GUIDES AND RESOURCES
- Interactive map: Trafford Blue Plaques
- Guide: Research your British Ancestors using Ancestry
- Guide: Research your Caribbean Ancestors using Ancestry
- Guide: Research your Irish Ancestors using Ancestry
- Guide: Research the History of your House
- Guide: Organising your Family History Research
- Guide: Understanding census records
- Trafford History Trails
- 1920s Children's Activity booklet
- The First World War in Trafford - Research Database
- 'Get to Know Your Grandparent(s)!' Children's Interview Activity Sheet
- Queen's Platinum Jubilee Activity Booklet
We Will Remember
In 1946, following consultations with both the British Legion and the clergy, the government announced the second Sunday in November to be known as Remembrance Day. The date was intended to commemorate not only the fallen from the Second World War, but also those from the First World War, who had previously been honoured on Armistice Day (11th November).
On Sunday 10 November 1947, a joint Remembrance Day and Sunday service was held at St Matthew’s Church in Stretford. There was a civic procession from the town hall and, whilst en route, the Mayor placed a memorial wreath at the Cenotaph. The Metropolitan Vickers Electrical Company also sounded their works bell, to indicate both the commencement and termination of the two minutes silence.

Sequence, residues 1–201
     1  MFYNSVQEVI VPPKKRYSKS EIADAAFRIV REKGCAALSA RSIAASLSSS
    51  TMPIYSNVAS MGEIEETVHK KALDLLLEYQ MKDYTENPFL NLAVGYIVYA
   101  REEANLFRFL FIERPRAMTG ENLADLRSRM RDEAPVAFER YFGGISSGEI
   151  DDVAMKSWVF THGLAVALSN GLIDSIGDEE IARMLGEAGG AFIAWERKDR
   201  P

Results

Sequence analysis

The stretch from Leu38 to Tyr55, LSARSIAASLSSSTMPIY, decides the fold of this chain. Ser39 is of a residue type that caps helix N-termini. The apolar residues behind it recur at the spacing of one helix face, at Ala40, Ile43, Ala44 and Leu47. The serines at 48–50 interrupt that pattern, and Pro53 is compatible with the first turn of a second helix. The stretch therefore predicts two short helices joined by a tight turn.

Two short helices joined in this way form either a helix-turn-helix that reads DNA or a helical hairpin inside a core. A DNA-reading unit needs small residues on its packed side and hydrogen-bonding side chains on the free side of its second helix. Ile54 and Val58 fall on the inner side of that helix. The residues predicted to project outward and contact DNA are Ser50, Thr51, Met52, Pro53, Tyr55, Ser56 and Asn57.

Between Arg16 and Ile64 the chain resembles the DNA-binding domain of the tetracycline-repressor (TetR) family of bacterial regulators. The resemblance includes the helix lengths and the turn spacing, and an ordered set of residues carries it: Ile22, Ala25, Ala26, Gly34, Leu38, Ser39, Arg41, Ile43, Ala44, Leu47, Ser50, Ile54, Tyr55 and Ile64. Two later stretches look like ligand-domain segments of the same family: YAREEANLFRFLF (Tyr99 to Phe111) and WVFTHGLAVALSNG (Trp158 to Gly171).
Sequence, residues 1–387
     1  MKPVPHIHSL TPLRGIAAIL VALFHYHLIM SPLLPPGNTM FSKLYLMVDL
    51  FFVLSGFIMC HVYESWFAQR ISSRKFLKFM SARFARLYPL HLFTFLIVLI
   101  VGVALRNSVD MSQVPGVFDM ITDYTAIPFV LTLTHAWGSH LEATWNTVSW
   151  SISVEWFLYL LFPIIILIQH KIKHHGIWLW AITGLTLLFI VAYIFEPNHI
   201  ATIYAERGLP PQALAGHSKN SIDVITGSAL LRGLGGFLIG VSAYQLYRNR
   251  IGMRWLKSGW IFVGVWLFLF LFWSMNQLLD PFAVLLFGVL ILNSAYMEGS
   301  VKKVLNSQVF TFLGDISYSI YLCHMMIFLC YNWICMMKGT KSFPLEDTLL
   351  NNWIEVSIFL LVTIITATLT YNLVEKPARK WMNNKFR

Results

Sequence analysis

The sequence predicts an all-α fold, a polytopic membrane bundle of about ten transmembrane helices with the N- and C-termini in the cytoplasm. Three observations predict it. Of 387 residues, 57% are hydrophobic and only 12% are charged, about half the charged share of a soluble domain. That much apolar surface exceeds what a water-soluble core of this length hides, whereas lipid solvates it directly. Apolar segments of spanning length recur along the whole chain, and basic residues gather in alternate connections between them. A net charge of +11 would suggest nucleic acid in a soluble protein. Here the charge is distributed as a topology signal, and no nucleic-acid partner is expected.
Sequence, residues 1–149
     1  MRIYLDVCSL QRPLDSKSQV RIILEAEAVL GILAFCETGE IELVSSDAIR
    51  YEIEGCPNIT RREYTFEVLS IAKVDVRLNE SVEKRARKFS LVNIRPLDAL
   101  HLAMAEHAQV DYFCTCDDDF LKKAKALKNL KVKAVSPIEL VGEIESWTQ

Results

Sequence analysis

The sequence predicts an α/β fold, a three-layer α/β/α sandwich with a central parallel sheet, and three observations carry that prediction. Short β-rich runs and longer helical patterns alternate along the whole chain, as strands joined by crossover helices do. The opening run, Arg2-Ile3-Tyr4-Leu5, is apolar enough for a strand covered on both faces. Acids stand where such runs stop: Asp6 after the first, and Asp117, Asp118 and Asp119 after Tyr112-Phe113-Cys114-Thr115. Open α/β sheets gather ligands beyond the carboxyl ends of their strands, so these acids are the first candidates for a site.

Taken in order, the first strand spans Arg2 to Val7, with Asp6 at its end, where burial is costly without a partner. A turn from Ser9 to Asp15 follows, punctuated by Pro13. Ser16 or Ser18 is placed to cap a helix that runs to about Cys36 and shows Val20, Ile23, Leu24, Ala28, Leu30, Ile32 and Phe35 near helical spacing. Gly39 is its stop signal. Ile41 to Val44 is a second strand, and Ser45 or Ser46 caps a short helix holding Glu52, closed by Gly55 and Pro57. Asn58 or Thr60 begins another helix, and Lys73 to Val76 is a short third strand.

There was not the same enthusiasm for the erection of war memorials after the Second World War. As local war historian, George Cogswell, explains:
'People just wanted to get on with their lives and were still subjected to lack of housing, shortage of fuel, austerity measures and food rationing'.
Instead, names and dates were added to existing memorials, which already were installed throughout towns and cities to commemorate the fallen from the First World War. Smaller memorials were also unveiled in schools, churches, offices and sports clubs to commemorate former pupils and members. The memorials often took the form of plaques, boards and leather-bound books — such as the Roll of Honour produced by the Borough of Stretford, and which remembers both civilians and military personnel. The Civilian Memorial, on the corner of Moss Lane and Oakfield Road in Altrincham, is in the form of a bronze plaque, and commemorates those people who lost their lives on 23 December 1940 (Manchester Blitz). A Civilian Memorial consisting of a panelled stone wall, also exists in Stretford Cemetery. It was unveiled in 1948, and bears the following inscription:
'This garden is dedicated to the memory of the residents of Stretford, also seventeen unidentified persons who lost their lives through enemy action in December 1940 and were interred here. May they rest in peace'.
George Cogswell Greater Manchester Blitz Victims http://www.greatermanchesterblitzvictims.co.uk/index.php?place=miscellaneous&memorials=TRUE
Manchester Evening News, 8th November 1947